Madison/Oglethorpe Co.: John Seginak of Comer said there are still some persimmons, but that they will be gone soon. “Deer are no longer using the food plots heavy, as it has begun to rain white-oak acorns. I mean, they are flat coming down. Deer are in those oaks early and late in the morning, early and late in the afternoon. If you have patches of acorns dropping heavily, it should be one heck of a next three weeks.” John, who has already killed a monster buck with his bow (see page 18), said he’s seeing a lot of little rubs, and a few scrapes showing up. “If there ever is a cold snap, they should go into over-drive.”

Polk Co.: The hunters coming by Lamar’s Sports Center in Rockmart reported seeing lots of rubs and scrapes in the woods, but the hocks on the two best bucks brought by opening morning were barely turning dark.

Darren Wright of Taylorsville killed a 15-pointer that still had bark in its antlers from rubbing three trees just before Darren shot. “There are a lot of rubs in the woods, and a few scrapes,” he said. The tarsal glands on Darren’s buck had barely started to turn.

Another buck killed by Donna Dutton of Aragon had a swollen neck, but its hocks had not turned dark yet.

Ricky Channel, 14, and his brother Hunter, 10, both killed bucks opening-day morning in Polk County. Their dad said very few acorns were coming down where they hunted.

Most hunters reported hunting around field edges, food plots or pine thickets, and several hunters said they picked places because of rubs and scrapes nearby.

Rabun Co.: Dan Brabson who operates Dan’s Processing in Clayton said his opening day was about average for the last three or four years. “Didn’t see any real good racks — a few nice 8-pointers. We have taken in a good many bears — 15 so far, the biggest was a 345-lb. bear. The deer seem to be in good shape, and the hunters say they are finding some acorns at the high elevations. The hunters are talking about finding a lot of rut sign south of here, in Elbert County south, but not up here.”

At 6:15 opening-day afternoon, Brad Hooks of Nunez got a text message from his wife, Diane. It read “BBD,” which stood for “Big Buck Down.” She wasn’t lying. Here’s the Emanuel County 8-pointer she shot.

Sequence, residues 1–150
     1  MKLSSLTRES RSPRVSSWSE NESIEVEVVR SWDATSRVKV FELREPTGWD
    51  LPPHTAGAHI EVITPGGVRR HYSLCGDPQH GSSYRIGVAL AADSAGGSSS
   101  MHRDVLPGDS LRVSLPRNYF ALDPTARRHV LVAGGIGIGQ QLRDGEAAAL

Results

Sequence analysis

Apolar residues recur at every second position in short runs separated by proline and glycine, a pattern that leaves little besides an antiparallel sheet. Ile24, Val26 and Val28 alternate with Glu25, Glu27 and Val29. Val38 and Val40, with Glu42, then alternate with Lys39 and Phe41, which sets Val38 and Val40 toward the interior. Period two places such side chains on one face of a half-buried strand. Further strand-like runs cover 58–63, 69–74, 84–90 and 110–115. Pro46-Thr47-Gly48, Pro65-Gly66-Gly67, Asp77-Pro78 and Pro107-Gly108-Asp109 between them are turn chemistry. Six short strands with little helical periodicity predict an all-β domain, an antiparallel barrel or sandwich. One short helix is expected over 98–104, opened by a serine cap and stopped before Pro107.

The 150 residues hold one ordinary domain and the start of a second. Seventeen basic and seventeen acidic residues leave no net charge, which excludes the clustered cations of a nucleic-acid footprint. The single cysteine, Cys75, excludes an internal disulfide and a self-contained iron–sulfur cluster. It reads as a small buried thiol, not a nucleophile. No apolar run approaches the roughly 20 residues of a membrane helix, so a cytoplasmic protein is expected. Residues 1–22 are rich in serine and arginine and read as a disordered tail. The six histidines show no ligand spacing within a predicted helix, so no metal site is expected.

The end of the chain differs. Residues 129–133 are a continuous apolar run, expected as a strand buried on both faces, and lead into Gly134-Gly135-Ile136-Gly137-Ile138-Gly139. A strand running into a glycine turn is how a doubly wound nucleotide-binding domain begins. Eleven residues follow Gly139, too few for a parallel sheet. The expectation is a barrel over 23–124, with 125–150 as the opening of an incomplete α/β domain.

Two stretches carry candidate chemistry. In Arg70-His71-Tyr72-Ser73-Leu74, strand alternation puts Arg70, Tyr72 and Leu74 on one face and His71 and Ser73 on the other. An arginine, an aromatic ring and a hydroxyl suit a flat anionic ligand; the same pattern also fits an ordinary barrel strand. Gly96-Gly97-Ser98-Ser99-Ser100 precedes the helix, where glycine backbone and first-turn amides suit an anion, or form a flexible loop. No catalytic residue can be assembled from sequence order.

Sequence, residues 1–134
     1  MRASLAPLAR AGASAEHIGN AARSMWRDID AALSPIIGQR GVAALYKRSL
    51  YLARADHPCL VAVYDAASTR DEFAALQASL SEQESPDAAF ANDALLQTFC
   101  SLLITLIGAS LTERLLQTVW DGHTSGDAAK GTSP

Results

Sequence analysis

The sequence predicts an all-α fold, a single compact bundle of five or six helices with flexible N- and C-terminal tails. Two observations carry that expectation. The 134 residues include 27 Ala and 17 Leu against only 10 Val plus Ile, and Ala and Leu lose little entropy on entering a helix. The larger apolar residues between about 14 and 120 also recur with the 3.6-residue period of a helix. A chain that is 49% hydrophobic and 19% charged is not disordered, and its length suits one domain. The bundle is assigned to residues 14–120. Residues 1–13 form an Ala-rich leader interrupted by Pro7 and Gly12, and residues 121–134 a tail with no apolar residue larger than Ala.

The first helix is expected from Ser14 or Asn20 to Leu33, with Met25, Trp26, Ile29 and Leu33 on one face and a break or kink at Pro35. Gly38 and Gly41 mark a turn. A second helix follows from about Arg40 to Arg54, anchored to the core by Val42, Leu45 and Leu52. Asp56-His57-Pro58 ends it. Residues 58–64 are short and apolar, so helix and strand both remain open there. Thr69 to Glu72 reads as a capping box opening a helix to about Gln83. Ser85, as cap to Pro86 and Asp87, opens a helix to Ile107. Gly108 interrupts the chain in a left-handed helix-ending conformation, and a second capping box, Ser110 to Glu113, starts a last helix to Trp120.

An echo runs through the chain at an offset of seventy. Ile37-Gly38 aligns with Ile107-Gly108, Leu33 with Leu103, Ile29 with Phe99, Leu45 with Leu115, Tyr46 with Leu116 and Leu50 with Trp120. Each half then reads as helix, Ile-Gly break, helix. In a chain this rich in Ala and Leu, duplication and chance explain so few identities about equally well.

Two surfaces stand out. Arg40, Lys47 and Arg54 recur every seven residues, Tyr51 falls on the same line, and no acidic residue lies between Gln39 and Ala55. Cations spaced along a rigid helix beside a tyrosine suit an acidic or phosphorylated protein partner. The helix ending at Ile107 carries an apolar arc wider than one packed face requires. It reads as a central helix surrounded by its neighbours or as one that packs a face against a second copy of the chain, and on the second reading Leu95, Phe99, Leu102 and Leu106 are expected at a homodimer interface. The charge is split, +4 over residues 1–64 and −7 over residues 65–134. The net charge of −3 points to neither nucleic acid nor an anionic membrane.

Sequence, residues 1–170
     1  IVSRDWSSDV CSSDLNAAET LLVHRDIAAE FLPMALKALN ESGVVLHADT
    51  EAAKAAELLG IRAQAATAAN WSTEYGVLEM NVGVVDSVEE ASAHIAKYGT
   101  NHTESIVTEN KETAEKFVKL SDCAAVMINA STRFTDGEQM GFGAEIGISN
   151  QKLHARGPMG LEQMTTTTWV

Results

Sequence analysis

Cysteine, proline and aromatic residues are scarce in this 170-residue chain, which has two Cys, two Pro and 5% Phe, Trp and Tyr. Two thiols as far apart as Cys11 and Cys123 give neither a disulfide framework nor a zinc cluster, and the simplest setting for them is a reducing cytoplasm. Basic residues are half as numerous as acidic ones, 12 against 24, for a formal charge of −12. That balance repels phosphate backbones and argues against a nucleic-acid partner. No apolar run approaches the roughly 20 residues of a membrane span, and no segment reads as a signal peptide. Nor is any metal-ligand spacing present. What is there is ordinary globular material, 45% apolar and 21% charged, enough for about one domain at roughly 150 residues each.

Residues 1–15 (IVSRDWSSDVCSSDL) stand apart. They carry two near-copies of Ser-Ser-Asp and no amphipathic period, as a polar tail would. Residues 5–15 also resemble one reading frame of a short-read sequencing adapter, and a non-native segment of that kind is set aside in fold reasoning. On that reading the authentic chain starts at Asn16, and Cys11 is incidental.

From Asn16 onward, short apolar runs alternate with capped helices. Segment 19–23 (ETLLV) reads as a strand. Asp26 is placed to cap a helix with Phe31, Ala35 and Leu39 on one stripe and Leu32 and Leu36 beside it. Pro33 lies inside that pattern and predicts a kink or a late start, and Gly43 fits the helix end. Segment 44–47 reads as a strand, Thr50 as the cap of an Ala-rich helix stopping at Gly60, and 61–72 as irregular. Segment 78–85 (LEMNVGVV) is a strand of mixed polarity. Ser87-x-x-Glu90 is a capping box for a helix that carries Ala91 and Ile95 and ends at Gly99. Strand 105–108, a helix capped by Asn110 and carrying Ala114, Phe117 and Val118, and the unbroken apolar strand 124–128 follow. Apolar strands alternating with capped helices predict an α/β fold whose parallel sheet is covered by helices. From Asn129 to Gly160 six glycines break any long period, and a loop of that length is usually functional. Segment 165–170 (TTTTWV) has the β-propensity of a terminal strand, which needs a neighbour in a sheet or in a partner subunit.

Gwinnett Co.: The best hunting is yet to come in Gwinnett County. “I have only seen two bucks this year, both the same morning,” said Eric Bruce of Grayson. “The coolest weather of the year so far was on Oct. 12 when it was in the 40s. I was hunting around some red oaks when a young buck chased a doe by my stand. A third deer approached, and by the time I got my bow and spotted him, the 8-pointer was staring at me. He got nervous and walked off. The young buck, a 6-pointer, returned and fed on acorns around my stand for 1 1/2 hours. Twice does came in, and he checked them out but returned to feeding. The does did not appear to be ready yet, though the bucks are checking them out. The rut seems to be yet to come. Some rubs and scrapes have been seen. The main food source I have seen is red-oak acorns.”

Hancock Co.: Alan Swink of Conyers said the deer are hammering the winter-mix food plots on his Hancock land. One of those plots paid off huge for Alan’s son Zack, who killed a big 14-pointer. “That was the only deer he saw, and it was headed straight for one of our food plots,” Alan said. There isn’t a lot of buck sign on the property, but Alan said he found one scrape line with four scrapes three weeks ago.

Morgan Co.: Dwayne Britt of Grayson reports seeing only a few rubs and scrapes so far — not a lot of buck sign yet. He also said the acorns are sparse on his property. “Only a few trees have acorns this year. I haven’t found any white oaks with acorns, and only a few red oaks are producing. The last persimmons are falling, and food plots are holding up but continue to need rain,” Dwayne said. “A 10-pointer was shot during muzzleloader season in the morning and appeared to have come to a few calls from a grunt tube and a bleet.”